Be mindful of the background of your profile picture. If there’s something in your background that you wouldn’t want a potential employer to see, find a different place to take your picture. Be mindful of your foreground and other people in your picture, too! Superb Porpoise hasn’t learned this yet.
Make sure the lighting is good. Taking a picture of yourself in the dark isn’t going to help you! Superb Porpoise isn’t doing themselves any favors, here.
Dress for the role you want! Even if you look “soooooo cute xoxo” in your leggings, Proctor and Gamble may disagree that your butt is as “juicy” as the rhinestones claim. Of course, Proctor and Gamble are also unlikely to hire the Superb Porpoise that looks like they’re running for president.
Smile! Let your future employer know you aren’t a psychopath! Or at least that you can fake it. And you definitely don’t want this dumb face on your profile:
As an example, Johnny is a dog walker who featured a photo of dogs as his cover image and got hired right away. By contrast, Layla is a motivational speaker who used a picture of Jonestown for their cover image and instead received a telephone call from the FBI.
Canva – A site that allows you to create and customize your own background
LinkedInBackground – A great website with tons of premade background photos
…use the default cover photo… Ever. Recruiters and employers are turned off by the default cover photo as it demonstrates a lack of creativity or is interpreted as unsophisticated career awareness.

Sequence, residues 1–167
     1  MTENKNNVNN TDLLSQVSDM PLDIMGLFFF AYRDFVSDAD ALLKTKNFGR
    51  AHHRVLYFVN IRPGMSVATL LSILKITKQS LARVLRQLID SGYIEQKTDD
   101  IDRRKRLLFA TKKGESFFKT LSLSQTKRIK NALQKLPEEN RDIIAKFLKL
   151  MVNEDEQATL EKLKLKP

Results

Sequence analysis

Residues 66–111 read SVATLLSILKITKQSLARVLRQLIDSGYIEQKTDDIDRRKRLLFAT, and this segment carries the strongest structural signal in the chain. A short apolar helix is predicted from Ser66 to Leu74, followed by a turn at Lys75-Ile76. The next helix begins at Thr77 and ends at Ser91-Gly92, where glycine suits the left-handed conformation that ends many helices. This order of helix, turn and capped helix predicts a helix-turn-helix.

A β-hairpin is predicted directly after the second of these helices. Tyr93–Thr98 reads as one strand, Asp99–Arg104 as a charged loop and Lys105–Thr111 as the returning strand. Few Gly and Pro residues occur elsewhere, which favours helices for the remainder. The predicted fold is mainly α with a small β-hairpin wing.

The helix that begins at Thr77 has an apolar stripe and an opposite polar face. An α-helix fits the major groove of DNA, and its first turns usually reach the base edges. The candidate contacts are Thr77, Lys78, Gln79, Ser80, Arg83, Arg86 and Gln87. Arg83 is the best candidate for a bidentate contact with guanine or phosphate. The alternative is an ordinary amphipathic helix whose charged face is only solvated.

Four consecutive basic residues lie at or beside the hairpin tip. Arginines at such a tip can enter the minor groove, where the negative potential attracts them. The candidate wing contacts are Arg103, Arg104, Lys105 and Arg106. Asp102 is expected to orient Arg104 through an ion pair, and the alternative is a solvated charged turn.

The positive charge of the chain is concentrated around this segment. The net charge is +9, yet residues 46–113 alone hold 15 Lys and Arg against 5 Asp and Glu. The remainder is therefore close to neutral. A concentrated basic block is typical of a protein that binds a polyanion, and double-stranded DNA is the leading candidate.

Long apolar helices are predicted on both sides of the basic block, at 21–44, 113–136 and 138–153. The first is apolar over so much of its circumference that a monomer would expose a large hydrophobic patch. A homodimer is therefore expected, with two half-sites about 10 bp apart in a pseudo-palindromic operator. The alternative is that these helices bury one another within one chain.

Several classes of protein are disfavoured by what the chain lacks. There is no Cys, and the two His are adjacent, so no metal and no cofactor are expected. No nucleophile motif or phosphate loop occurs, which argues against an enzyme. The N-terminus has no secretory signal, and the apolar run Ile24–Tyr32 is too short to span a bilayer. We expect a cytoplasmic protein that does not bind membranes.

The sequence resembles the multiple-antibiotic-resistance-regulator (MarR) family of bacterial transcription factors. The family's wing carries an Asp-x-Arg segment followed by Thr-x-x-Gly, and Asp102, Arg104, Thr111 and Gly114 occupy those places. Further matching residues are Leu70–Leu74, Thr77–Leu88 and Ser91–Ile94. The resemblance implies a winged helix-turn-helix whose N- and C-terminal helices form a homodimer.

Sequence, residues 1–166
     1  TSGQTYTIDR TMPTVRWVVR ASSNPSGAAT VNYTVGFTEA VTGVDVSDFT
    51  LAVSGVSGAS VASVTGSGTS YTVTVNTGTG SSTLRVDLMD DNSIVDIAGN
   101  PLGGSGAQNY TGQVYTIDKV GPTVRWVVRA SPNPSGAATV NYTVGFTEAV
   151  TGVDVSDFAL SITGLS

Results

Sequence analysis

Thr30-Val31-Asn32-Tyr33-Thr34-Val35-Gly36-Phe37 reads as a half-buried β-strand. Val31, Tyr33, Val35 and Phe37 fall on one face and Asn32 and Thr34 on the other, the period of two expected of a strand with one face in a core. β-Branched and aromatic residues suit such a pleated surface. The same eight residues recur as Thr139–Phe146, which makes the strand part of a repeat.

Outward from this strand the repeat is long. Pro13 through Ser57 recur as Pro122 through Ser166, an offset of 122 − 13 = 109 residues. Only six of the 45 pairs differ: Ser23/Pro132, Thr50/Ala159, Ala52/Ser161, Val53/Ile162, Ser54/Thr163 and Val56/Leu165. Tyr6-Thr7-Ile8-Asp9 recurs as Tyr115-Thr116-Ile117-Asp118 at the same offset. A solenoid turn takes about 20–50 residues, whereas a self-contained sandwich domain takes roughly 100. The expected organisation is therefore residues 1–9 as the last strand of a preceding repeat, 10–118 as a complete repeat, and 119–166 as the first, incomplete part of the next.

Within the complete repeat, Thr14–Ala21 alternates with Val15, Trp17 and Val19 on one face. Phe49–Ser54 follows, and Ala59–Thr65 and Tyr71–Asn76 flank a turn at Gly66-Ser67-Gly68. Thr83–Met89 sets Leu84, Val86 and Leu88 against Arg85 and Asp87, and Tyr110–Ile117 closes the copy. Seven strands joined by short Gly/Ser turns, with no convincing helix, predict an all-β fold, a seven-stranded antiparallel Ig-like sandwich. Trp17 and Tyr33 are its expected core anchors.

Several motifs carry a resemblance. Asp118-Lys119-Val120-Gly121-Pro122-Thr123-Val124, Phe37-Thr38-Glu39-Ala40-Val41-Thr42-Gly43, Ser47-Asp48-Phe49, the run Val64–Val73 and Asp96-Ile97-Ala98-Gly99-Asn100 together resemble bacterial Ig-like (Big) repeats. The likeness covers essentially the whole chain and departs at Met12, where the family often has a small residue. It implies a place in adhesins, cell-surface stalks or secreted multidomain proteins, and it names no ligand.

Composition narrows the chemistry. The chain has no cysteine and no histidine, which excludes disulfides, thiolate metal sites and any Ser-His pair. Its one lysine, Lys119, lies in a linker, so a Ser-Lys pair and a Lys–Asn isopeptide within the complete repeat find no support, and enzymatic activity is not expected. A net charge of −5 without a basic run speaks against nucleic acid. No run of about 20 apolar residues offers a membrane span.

Headlines need to have these 3 elements, also known as an elevator pitch:
Do you sell vacuums? Make sure you use the word "vacuums" in your headline so that it sucks less... Wait... Sucks more?
This is where you will be educating others as to the gender you identify with and how forward-thinking you are in the understanding of diversity and inclusion!
There are several places that you can go to find keywords:
Sometimes Google will give you a preview of the most popular article at the top. This doesn't mean it's always right! Take a look at relevant articles to find your keywords.
OTHER GOOD SEARCH PHRASES TO USE:Some positions may be harder to search for than most. Don’t fret! Sometimes you just have to change up your wording a bit in your search! Here are some great alternatives to “keywords for search engines!”
If none of those yield results, start thinking of other creative ways to ask for a list of desired skills and most searched for skills for your position!
You can get these keywords from online job descriptions you are interested in applying for. Add these keywords to your headline. Make sure to use keywords that are relevant to your desired career field. Even though you might have limited or slower internet access now that everyone is online 24/7 finding these keywords is still important!
How to Choose Powerful Keywords for Your LinkedIn
How to Choose the Right Keywords for Your Resume